Last Wednesday, I moved back into school early to begin training for my new job, as Diversity Peer Educator at my college’s women's center. I remember how thrilled I was when I was offered the job at the end of last semester, because, from the start of my freshman year, the women’s center was my safe haven. There, I knew that I had people who would listen to me when I was having a rough day. It was a space where I could be my authentic self, where no one would make fun of my hair or my clothes. In a world where it feels like people are constantly trying to make me conform to their standards, this was really important to me. I found a home there because of the like-minded individuals whose struggles, as well as goals, were similar to mine. I cannot picture my campus without this space.
Apparently, however, there are people on my campus who do not see the center in the same way I do. During training, I heard various people pose the question of whether or not we still need a women's center. Unfortunately, this was not the first time I heard this question asked. Any staff member there, or student who goes there regularly, can tell you at least one story where someone said that the women's center is not necessary in this day of age. However, the women's center at Ramapo College is incredibly vital to the lives of the students on our campus, especially in the current political climate.
The women’s center does not just advocate and provide a safe space for women, but also for all other marginalized and disadvantaged groups: students from minority backgrounds, students with disabilities, members of the LGBTQ+ community, survivors of sexual or dating violence, etc. We provide these individuals with a space free of judgement, where they can express themselves in whatever way makes them feel most comfortable. We have important resources for people with these identities, such as queer sex ed, support groups for LGBTQ+ individuals and POC, educational programming that sheds light on sexual assault, as well as other educational programming that validates the various identities students claim, to name a few.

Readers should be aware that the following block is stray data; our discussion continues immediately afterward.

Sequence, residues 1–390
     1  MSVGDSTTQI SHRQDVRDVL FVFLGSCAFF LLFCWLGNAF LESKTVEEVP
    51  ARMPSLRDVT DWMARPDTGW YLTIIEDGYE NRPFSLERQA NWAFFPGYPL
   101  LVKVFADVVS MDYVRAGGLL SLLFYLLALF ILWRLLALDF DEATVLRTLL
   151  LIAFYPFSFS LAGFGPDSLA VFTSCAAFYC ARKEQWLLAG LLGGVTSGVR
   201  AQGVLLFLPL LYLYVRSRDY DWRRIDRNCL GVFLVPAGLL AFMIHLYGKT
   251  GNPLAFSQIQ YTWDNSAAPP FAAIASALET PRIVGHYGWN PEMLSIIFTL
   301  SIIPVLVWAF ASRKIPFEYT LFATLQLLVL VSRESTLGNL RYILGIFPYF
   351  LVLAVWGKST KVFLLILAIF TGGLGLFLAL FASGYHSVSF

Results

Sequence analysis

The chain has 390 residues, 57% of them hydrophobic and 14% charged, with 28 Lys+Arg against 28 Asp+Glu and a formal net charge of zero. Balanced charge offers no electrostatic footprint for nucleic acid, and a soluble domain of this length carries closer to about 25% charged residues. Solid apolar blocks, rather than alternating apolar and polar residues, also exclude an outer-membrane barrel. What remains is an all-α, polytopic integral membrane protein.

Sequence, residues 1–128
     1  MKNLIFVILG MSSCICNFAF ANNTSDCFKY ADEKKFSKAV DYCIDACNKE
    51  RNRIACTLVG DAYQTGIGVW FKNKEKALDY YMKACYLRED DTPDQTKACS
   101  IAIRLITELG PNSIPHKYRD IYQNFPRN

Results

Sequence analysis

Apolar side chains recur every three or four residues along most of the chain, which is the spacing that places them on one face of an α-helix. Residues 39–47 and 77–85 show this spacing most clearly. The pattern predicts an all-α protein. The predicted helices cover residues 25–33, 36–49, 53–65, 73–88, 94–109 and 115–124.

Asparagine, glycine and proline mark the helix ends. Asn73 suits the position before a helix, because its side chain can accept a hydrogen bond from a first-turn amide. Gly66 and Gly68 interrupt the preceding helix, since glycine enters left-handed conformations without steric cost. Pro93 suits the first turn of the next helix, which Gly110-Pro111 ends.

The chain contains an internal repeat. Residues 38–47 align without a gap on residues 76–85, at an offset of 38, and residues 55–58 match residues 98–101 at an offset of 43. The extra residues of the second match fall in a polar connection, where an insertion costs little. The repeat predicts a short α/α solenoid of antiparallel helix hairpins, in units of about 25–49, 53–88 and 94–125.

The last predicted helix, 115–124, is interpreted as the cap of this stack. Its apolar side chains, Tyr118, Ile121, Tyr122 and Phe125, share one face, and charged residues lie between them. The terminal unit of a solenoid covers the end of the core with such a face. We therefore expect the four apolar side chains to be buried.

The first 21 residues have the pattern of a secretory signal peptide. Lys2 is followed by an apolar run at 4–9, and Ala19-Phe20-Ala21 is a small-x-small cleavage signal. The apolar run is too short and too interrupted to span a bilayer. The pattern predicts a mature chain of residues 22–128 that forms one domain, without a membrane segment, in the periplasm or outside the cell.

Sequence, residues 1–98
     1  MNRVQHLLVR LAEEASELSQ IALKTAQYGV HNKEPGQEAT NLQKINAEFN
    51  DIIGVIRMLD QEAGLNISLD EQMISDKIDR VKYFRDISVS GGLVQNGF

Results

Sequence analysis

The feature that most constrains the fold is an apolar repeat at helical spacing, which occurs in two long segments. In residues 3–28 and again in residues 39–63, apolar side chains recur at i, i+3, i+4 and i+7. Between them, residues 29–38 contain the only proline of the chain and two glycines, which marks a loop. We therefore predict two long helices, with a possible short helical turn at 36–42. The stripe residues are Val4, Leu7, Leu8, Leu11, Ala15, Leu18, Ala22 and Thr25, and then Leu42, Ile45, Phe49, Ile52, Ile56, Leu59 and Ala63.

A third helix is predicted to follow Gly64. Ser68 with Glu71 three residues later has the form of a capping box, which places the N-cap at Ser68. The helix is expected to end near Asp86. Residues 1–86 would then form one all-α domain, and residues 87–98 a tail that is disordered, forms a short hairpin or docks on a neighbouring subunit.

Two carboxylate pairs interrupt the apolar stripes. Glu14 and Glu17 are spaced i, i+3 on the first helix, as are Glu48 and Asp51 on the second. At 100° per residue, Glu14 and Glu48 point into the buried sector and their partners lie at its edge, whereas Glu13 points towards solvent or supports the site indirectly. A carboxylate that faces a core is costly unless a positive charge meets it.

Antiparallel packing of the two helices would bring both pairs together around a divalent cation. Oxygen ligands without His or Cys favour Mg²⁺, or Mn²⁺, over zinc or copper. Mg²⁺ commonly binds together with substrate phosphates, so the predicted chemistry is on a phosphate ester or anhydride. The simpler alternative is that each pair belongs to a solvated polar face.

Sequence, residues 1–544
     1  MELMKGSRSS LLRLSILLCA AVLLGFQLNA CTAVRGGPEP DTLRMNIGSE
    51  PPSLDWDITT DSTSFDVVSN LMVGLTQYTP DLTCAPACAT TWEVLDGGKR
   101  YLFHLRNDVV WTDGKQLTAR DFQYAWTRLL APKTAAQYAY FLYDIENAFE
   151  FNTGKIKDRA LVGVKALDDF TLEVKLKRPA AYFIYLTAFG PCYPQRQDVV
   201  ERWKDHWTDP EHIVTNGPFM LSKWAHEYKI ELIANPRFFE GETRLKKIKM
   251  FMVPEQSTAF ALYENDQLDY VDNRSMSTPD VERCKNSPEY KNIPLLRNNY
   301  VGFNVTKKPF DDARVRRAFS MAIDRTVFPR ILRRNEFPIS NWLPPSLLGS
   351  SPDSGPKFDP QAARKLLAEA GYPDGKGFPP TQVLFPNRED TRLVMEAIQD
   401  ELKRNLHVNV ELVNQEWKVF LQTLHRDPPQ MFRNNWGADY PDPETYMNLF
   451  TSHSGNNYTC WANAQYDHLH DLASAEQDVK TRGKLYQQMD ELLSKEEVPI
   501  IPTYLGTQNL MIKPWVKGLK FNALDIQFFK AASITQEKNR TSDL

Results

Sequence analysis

We also help bring awareness to the issues that plague men. We have an amazing Men’s Outreach Coordinator who runs support groups for men who are apart of the LGBTQ+ community and a discussion group that promotes healthy masculinity. The center addresses toxic masculinity, health issues that affect men and stereotypes they deal with on a daily basis. In addition, the center makes a point to address the sexual and dating violence men can face.
Most importantly, though, the women’s center empowers students to become activists, by fighting for the rights of the oppressed and disadvantaged on our campus. We make the voices of the feminist movement heard on campus by bringing awareness to sexual and dating violence; by hosting healthy love parties, which are safer sex workshops that support the participants self-healing; by shedding light on the inequity between the incomes of men and women and by educating about healthy body images for women. Last year, staff at the center advocated for our campus to become a sanctuary campus, despite the many voices that spoke out against them. The women's center staff is the first to advocate for LGBTQ+ students by continuing to make sure their concerns are regularly addressed, as well as validated. They inspired me to be a stronger activist on my campus, and I know they have done the same for others.
So, to the people who STILL ask if we need a women's center here at Ramapo College, yes, we absolutely do. We need it because racism, sexism, homophobia, transphobia, xenophobia and other forms of oppression and discrimination still plague this society. We need it because 10 million men will suffer from an eating disorder in their life time and because there are still nearly 20 million cases of STDs every year, despite how easy it is to prevent them. We need it because 1 in 12 transgender women and 1 in 8 transgender women of color have a chance of being murdered. And we need it because over 99% of women in America say that they have been a victim of street harassment. The fact that the women's center exists is a form of resistance to all of that evil. Until those facts are no longer accurate, the women's center will continue to be necessary here at Ramapo College. So instead of debating whether or not we deserve a space on this campus, how about you volunteer at the center and see for yourself why we need to be here: Our work saves lives.
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